Two friends had come along to support me, and so I’d suggested to them the 6km mark where the BHF had a stall of sorts. At 5km I was struggling, so this became something to look forward to. I would say the 4-6km part is the hardest; you’ve barely got going and you feel leaden and dragging, and yet you know that this is only the half of it. Jackie and Mo had made Swing Your Pants banners. What can I say? Thank you. There is no doubt it helped spur me on.Mo and Jackie

And then you can feel like you are heading home. Around about 6-7km I knew I would finish it. But I needed to keep my pace up to do it within the hour. At 8km I tried to maintain a speed; not to go faster, but to make sure I didn’t start slowing down. The last km I trudged on, and picked up the pace at the 400m mark, and then the last 200m mark. I like to think I really ran that last 200m, fast; but the chances are I looked like the slow-motion bits from Chariots of Fire.

I only had my watch to go off. I thought I had done it in an hour. As I went through the finishing arch the time above, for the Blue Wave runners, was 1 hour 3 mins.

bty

As I sat in the BHF tent the rains came down. Miserable Manchester rain, nothing new.

sdr

And then this tweet came through from my friend Cheryl. I had run it in 57.44. This was the official time from the website (we all have chips placed behind our numbers that know our every step).

And it made me cry. Just a bit. No one noticed. It was raining.

cheryl

I’ve had another run today. 7.45km in 47.55. Slow. It’s amazing what you can do with a little support and a good cause.

Thank you to Sam H, Darren K, Su H, Dave K, PM anon, John S, Sarah F, Paul K, Rik KM, Andrea and Frank, Jonny C, Robert N, Jenny S, Jackie H, Hazel D, Phil M, Ted B, Cheryl and Eric, Stephen B and family, Simon B and family, Clare and Bruce and Charlotte and Issy, Hannah J, Matt and Jill, Lynne B, Sarah L, Stephen K, Lee S, the Williams family, Chris S, Keith R, Gail E, Jamie D, Helen S, Douglas S, Stephen B, Chris W, Lucy and David and family, Linda and Alexei, Sue W and her mum Rose H, Mick H, Simon B, Anne-Marie, Pixie45, Michelle F, Vince R, Margo M, Andrea M, Neil P, Toby W, Dana N, Caroline S, Pia A, Alwyn A, David and Deb and family, Johnathan O, Mo O, Janey E, Sean U, Lianne E, Sharon R, Paul H, Hannah V, Suzanne O, Scott R, Paul C, Jennifer S, Dave K, Ensign Deb, Colin D, Janine K, Paola N, Alexander T, Sarah B, Amanda D, Steve P, Craig H, Tony J, Lynsey S, Luke W, Robert R, Barnaby E, Helen R, Justin E, Julian B, Brian M, Peter E, Ben and Sarah and Eve Lola and Dylan, Emma R, Stephen B, Neil G, Dave F, a different Neil G, Chris W, David C, Paul and Alison D, Sharon and Andy and Kate and William, Charley and Simon and Pete and Georgie and Jack, Jamie A, Gerald P, Kirsty R, Mandy M, Alison J, Gill and Jake, Steven M, Lisa and Toby and Connie.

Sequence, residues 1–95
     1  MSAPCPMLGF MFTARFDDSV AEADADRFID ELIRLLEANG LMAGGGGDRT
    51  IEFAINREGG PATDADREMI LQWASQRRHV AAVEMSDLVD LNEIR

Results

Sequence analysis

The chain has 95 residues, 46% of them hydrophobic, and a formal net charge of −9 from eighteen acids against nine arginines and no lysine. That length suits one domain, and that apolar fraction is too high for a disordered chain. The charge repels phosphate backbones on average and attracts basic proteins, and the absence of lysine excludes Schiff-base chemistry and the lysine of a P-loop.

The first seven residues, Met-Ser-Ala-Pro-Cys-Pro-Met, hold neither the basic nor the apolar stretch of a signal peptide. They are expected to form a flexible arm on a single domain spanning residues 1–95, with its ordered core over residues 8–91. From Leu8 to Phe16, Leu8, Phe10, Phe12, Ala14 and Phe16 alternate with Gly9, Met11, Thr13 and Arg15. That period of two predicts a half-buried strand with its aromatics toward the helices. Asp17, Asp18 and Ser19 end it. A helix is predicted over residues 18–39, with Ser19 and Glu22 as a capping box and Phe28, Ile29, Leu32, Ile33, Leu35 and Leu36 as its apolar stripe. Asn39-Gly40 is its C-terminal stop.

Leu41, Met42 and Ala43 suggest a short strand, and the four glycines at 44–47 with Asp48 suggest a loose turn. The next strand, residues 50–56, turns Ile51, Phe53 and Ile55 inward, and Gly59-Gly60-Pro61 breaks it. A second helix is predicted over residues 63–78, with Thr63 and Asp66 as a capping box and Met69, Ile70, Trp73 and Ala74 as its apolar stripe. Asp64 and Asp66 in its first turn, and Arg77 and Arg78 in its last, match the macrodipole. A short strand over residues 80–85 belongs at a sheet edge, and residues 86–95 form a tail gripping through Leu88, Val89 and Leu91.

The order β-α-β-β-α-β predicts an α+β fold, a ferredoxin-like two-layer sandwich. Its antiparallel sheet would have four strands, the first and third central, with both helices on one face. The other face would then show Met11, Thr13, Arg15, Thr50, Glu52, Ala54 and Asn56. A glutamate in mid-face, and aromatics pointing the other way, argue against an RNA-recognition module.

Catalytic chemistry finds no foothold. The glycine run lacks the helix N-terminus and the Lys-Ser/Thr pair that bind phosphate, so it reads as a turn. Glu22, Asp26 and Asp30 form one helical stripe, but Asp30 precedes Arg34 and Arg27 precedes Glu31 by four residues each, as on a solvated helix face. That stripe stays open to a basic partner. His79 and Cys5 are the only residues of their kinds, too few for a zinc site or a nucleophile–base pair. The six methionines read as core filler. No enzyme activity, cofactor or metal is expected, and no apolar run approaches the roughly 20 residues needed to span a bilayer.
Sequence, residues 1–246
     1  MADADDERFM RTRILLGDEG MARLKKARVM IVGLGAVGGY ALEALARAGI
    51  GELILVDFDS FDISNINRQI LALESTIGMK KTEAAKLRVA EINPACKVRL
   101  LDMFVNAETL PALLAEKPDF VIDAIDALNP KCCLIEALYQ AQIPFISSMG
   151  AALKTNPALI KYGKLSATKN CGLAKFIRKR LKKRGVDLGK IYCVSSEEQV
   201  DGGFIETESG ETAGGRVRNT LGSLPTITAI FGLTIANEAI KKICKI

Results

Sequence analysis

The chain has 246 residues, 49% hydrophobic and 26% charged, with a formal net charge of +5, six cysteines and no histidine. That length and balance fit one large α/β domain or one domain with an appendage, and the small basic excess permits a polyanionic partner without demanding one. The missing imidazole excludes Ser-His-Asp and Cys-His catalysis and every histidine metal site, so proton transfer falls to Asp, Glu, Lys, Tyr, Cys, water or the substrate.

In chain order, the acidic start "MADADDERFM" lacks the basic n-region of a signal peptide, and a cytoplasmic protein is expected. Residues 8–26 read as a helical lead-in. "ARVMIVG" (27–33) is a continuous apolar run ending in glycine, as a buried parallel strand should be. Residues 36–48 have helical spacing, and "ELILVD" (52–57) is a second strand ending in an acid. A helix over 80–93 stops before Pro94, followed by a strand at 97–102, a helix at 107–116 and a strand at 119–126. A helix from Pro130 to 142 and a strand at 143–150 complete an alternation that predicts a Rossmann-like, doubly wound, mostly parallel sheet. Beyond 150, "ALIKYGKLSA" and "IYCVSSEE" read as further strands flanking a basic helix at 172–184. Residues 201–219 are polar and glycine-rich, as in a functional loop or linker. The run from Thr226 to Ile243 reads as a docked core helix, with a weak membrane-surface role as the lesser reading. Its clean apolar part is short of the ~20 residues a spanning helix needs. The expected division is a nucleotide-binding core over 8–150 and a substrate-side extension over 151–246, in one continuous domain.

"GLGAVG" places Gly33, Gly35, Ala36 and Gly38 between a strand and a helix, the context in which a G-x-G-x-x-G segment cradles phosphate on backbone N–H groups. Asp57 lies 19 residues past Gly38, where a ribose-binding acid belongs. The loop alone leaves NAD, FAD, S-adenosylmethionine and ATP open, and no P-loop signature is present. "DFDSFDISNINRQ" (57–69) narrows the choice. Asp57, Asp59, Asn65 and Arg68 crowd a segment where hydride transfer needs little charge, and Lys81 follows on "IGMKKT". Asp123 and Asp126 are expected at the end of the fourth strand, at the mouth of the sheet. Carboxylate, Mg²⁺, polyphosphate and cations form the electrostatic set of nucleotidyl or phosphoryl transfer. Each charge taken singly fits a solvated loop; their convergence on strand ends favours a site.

You all raised £2,379.83. Then there’s the Gift Aid of £517.78. That’s a fantastic total of… oh, I can be bothered adding it up. Nearly £2900! I only was aiming for £1929 (the year of my dad’s birth). And no! That doesn’t mean some of you can have your money back.

Indeed, if anyone reading this feel’s they’ve missed out, it’s still not too late. Just click on this link.

But thank you. From someone who doesn’t enjoy running, you’ve made me feel it all was incredibly worthwhile. xxx

sdr

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Only six sleeps to go until I have to give up drinking for a month as part of Go Sober for October; one of those daft things to do like growing a moustache in November or stroking a weasel on a Wednesday. All in the name of charity. In this instance the name is Macmillan Cancer Support.

I say six sleeps (as opposed to six days, or any other time measurement system) to try and bring a little child-like fun to the terrifying prospect of going without any alcohol whatsoever for – heck! – for 31 sleeps!

Enough of the sleep thing. A month! A whole month with no booze! It is, simply, unthinkable.

To make matters worse, just think of this (if you can, given that I have just described the whole debacle as unthinkable):

Thirty days hath September,
April, June, and November.
All the rest have thirty-one,
Excepting February alone,
And that has twenty-eight days clear,
And twenty-nine in each leap year

Sober! October! Go Sober For October! Do you see? They only went and picked bloody October because it rhymes!